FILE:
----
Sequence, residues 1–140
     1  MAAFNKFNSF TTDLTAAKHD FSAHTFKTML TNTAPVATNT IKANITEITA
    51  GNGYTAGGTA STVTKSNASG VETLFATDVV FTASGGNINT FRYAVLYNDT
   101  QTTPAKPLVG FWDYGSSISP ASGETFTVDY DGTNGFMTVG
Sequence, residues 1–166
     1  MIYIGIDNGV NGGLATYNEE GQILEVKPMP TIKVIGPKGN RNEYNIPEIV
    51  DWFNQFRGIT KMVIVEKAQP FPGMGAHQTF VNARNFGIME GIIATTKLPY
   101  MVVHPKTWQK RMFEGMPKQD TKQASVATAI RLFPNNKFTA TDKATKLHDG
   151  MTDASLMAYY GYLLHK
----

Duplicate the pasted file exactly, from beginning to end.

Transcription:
Sequence, residues 1–140
     1  MAAFNKFNSF TTDLTAAKHD FSAHTFKTML TNTAPVATNT IKANITEITA
    51  GNGYTAGGTA STVTKSNASG VETLFATDVV FTASGGNINT FRYAVLYNDT
   101  QTTPAKPLVG FWDYGSSISP ASGETFTVDY DGTNGFMTVG
Sequence, residues 1–166
     1  MIYIGIDNGV NGGLATYNEE GQILEVKPMP TIKVIGPKGN RNEYNIPEIV
    51  DWFNQFRGIT KMVIVEKAQP FPGMGAHQTF VNARNFGIME GIIATTKLPY
   101  MVVHPKTWQK RMFEGMPKQD TKQASVATAI RLFPNNKFTA TDKATKLHDG
   151  MTDASLMAYY GYLLHK